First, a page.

INDIANAPOLIS | The Republican-controlled General Assembly approved a package of business tax cuts, during its final meeting of the year Thursday, that supporters believe will create jobs by making Indiana stand out as a low-tax haven for companies.
Senate Enrolled Act 1, which now goes to the governor, steadily reduces the state's corporate income tax rate from 6.5 percent next year to 4.9 percent by 2021.
It also gives counties the option of eliminating the business personal property tax on new equipment, on companies with less than $20,000 in taxable business equipment, or keeping the tax as is.
In addition, cities and towns could abate local business taxes for up to 20 years starting in July 2015, instead of the maximum 10 years allowed under current law.
"This is a strong bill that will allow Indiana to be the destination of choice for new investment," said state Sen. Brandt Hershman, R-Buck Creek, the sponsor. "We've seen tremendous success from our prior efforts in business tax reform; this secures Indiana's spot, not only as leader of the pack when it comes to our neighbors in the Midwest, but nationally."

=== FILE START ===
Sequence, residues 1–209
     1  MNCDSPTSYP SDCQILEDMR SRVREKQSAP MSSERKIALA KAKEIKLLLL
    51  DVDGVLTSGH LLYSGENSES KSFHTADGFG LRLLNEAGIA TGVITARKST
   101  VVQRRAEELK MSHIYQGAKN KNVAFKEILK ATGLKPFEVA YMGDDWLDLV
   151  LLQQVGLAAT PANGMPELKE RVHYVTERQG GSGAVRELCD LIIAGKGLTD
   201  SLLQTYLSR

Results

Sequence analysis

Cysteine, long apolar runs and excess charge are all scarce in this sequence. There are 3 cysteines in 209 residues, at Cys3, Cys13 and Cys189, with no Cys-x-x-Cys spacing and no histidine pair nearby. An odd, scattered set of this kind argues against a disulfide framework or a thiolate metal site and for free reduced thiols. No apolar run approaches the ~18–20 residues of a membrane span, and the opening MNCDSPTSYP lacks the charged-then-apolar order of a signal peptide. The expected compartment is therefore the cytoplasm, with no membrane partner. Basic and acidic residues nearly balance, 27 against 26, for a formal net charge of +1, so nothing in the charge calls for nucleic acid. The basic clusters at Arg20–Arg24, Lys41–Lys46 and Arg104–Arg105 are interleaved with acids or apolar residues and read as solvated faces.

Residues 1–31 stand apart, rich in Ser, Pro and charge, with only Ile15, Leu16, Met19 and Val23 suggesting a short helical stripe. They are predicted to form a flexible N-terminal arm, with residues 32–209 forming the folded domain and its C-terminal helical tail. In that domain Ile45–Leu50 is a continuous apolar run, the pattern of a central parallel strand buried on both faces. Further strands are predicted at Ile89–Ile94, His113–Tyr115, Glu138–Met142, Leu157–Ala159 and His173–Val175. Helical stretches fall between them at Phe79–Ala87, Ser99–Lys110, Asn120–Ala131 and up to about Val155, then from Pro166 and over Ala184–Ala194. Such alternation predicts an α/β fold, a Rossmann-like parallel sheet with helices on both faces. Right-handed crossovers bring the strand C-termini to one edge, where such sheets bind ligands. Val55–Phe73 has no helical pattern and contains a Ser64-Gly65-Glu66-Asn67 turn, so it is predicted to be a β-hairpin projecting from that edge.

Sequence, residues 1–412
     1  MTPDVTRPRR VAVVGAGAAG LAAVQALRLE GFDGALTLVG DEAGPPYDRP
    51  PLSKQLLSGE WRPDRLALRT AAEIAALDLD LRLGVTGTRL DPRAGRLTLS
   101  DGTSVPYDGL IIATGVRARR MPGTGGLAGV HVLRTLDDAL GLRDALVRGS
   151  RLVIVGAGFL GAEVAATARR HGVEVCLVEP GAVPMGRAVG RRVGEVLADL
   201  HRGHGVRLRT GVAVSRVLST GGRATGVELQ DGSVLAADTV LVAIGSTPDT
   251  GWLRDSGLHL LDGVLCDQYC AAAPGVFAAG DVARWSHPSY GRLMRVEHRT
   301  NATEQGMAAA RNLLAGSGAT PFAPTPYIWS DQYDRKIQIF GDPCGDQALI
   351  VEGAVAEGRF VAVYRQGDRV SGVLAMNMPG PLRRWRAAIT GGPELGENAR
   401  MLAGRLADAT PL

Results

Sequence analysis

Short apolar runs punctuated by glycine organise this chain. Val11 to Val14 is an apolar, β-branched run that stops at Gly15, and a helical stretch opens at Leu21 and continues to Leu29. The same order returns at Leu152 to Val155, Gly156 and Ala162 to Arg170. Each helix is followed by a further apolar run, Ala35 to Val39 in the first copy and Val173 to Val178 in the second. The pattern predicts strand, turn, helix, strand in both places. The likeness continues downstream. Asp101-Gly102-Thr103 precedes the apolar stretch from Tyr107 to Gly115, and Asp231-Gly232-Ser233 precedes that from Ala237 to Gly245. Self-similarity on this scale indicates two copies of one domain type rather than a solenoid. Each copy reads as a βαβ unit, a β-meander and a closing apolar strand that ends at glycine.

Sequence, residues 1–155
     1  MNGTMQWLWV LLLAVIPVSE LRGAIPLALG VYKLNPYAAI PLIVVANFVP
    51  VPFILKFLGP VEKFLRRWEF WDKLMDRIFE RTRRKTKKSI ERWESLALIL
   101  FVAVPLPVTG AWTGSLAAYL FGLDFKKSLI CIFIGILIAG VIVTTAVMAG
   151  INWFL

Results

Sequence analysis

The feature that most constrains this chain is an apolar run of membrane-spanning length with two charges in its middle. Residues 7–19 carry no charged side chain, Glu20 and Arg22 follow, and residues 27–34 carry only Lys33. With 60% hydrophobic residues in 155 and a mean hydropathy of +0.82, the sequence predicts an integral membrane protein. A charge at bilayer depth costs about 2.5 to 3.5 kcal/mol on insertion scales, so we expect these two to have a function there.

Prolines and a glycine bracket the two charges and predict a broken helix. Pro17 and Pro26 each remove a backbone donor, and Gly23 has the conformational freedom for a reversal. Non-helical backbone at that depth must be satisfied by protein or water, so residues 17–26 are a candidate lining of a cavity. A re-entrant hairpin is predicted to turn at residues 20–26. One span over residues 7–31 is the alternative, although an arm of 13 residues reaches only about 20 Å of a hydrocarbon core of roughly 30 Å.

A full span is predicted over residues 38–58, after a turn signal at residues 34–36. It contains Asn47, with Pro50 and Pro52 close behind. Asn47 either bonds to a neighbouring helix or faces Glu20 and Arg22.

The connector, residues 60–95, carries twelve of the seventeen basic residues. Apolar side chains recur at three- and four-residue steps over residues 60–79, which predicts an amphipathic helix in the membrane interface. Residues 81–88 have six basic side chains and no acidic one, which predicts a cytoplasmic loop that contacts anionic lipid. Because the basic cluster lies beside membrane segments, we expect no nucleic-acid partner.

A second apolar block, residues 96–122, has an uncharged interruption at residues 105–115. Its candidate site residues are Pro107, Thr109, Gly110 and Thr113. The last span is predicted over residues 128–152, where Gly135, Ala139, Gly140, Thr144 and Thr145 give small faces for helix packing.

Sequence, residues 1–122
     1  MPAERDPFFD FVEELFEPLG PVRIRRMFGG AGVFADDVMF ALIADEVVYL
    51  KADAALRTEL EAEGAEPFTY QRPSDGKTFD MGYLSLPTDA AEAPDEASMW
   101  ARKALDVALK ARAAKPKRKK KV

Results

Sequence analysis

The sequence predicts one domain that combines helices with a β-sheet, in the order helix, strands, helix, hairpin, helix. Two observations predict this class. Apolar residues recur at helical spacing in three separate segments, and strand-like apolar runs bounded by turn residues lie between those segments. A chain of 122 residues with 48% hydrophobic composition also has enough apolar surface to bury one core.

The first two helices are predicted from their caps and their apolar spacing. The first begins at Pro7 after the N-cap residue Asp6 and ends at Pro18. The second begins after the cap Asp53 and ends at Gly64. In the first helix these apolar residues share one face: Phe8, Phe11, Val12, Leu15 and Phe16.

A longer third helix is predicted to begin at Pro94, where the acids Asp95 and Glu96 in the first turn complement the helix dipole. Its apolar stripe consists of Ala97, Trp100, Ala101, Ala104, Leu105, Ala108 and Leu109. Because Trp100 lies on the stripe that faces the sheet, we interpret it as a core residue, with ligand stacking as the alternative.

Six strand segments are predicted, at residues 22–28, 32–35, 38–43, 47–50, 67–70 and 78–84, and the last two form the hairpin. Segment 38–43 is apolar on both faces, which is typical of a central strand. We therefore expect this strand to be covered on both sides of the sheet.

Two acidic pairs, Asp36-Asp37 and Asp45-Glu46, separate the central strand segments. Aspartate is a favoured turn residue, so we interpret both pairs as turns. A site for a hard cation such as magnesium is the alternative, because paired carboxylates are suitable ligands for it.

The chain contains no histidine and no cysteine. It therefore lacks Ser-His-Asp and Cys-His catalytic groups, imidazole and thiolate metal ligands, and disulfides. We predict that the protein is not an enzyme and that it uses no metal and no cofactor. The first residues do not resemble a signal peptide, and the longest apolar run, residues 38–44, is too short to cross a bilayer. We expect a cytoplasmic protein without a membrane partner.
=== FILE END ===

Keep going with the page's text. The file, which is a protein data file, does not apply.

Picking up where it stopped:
When fully implemented the corporate income tax cut will reduce state revenue by approximately $132 million a year. The impact on local governments will depend on whether they choose to eliminate the business personal property tax on some or any business taxpayers.
There is no state replacement revenue provided for counties that get rid of the tax. Statewide, the business personal property tax contributes more than $1 billion a year to schools and local governments.
State Sen. Karen Tallian, D-Ogden Dunes, said Indiana can't afford another business tax cut, on top of the $6 billion doled out over the past decade, when the state has so many unmet needs, including health care and education.
"The corporate tax rate is not the only invitation for business," Tallian said. "What corporations constantly say is that they look at quality-of-life issues -- and how is Indiana going to fund those?"
The legislation, which passed the Senate, 36-12, and the House, 63-37, on nearly party-line votes, is a far cry from the full repeal of the business personal property tax initially sought by Republican Gov. Mike Pence.
Nevertheless, he is expected to sign it into law.